Many of today’s media outlets detail operational efficiencies and the transformation of their business models by leveraging new technologies such as artificial intelligence (AI) and Internet of Things (IoT). The reality, though, is that these shining lights of innovation primarily pertain to the industry’s largest organizations, which have been building their technology capabilities for years, if not decades.
But, that’s not the case for a significant portion of companies within the industry, which consider themselves small and mid-sized, at best.
While the implementation of emerging technologies such as AI and IoT are still far off for smaller food firms, 2020 just might be the year in which a significant number of companies make inroads with enterprise resource planning (ERP) or manufacturing resource planning (MRP) systems.
ERP and MRP software has been around for decades, and was originally designed for the largest of businesses, costing millions of dollars and years to fully implement. Over the past 20 years, though, more ERP and MRP software has been specifically designed for smaller businesses, with corresponding price points to fit smaller budgets.
However, smaller businesses in the food industry still have to work through a handful of internal challenges in order to move forward. Chief among the challenges is the lack of staff dedicated solely to information technology. Consequently, senior leadership don’t realize that there are many software packages built for smaller firms, and some software manufacturers have specific food industry experience. Additionally, they believe implementation, especially without dedicated IT professionals, will be time consuming, difficult and a distraction to staff.
Statistics for ERP and MRP usage for small and mid-sized firms is difficult to find, especially within the food industry, but according to MRPeasy, Dallas, Texas, only 25% of smaller firms use a true manufacturing ERP or MRP system. About 20% of firms within the food industry are still running their plants in an old-school, paper and pen fashion. The remainder of these smaller firms use some type of spreadsheet, accounting or customer relationship management software. Others use systems developed in-house.
There are issues both major and minor with each of these approaches, but all come with one benefit to the companies that use them: As riddled with inefficiencies as they are, it’s what they are used to.
This raises the question, “What is the tipping point for a food company to take the ERP/MRP plunge?”
The most common answers are:
- Overwhelming production or delivery delays created by poor inventory management.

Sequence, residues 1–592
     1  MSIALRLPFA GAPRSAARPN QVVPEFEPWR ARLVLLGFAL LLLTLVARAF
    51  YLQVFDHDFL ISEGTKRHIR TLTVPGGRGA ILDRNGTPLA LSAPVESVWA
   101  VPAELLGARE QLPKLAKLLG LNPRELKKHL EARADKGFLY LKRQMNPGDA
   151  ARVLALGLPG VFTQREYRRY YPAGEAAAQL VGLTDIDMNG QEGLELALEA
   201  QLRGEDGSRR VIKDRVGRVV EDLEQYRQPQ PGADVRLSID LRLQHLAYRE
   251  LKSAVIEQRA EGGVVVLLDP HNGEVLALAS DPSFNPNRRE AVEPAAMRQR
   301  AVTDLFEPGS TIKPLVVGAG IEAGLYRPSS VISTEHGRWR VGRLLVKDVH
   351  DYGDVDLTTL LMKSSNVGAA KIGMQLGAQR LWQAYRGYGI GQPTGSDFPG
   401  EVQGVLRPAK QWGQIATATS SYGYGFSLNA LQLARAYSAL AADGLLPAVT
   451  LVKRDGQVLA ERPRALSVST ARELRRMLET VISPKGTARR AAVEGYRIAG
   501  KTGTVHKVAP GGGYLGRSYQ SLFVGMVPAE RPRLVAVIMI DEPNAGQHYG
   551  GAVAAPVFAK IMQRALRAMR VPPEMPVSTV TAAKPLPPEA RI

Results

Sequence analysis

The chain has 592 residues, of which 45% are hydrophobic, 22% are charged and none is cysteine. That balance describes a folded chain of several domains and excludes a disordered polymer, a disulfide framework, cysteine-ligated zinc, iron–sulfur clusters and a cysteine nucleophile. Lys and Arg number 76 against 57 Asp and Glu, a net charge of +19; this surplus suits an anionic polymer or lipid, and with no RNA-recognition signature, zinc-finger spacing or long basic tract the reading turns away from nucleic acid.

- An increased inability to manage costs associated with vendors with the supply chain.
- Miscommunications – or a lack of communications – between accounting, manufacturing shipping and sales that creates internal strife.
- The realization that ERP and MRP software has evolved over the past two decades to better serve smaller organizations, and that it has been designed to be implemented and used by non-IT personnel.
Anecdotal evidence indicates that ERP and MRP usage is increasing at smaller firms, as they leverage newer software systems to manage manufacturing and supply chains. It could be that they see larger firms creating even more distance with AI and other technology, and recognize that an ERP system creates a good foundational platform not only for efficient operations, but also for the integration of more advanced software in the future.
In many cases, ERP and MRP systems being brought in by production managers who voice concern about the ability to process orders without a more up-to-date system. Other times, it’s accountants who raise the issue because they already work with several financial software packages and realize the benefits of easily sharing information about purchasing and procurement.
Even though implementation of ERP and MRP systems has improved, success still depends on having a dedicated “leader” with 50-100 hours available over 4-8 weeks to oversee the onboarding of the software. This includes working with the ERP vendor, understanding the needs and scope of its use within an organization and getting key employees in various departments engaged. And, if the leader is a mid-level employee, a senior executive needs to step up as a vocal sponsor and supporter of the project.
Somewhat surprisingly, there’s been pushback by smaller and mid-sized companies over the use of cloud services to deliver and maintain ERP software systems. Many software packages these days are maintained “in the cloud,” which means off-site. While it saves smaller firms from having to invest in various hardware, many have fears about reliability and security. The reality is that most firms don’t invest in cybersecurity solutions to the extent of cloud service firms, whose only mission is to house applications and ensure secure operations.
Overall, there is a sense that the rising tide of technology is lifting all boats, and that AI, IoT, Industry 4.0, blockchain, robotic process automation and other advances are pushing the smaller firms to move forward. In a challenging environment, those that do so will still be playing catch-up with larger firms, but should be able to create a competitive advantage among their peers.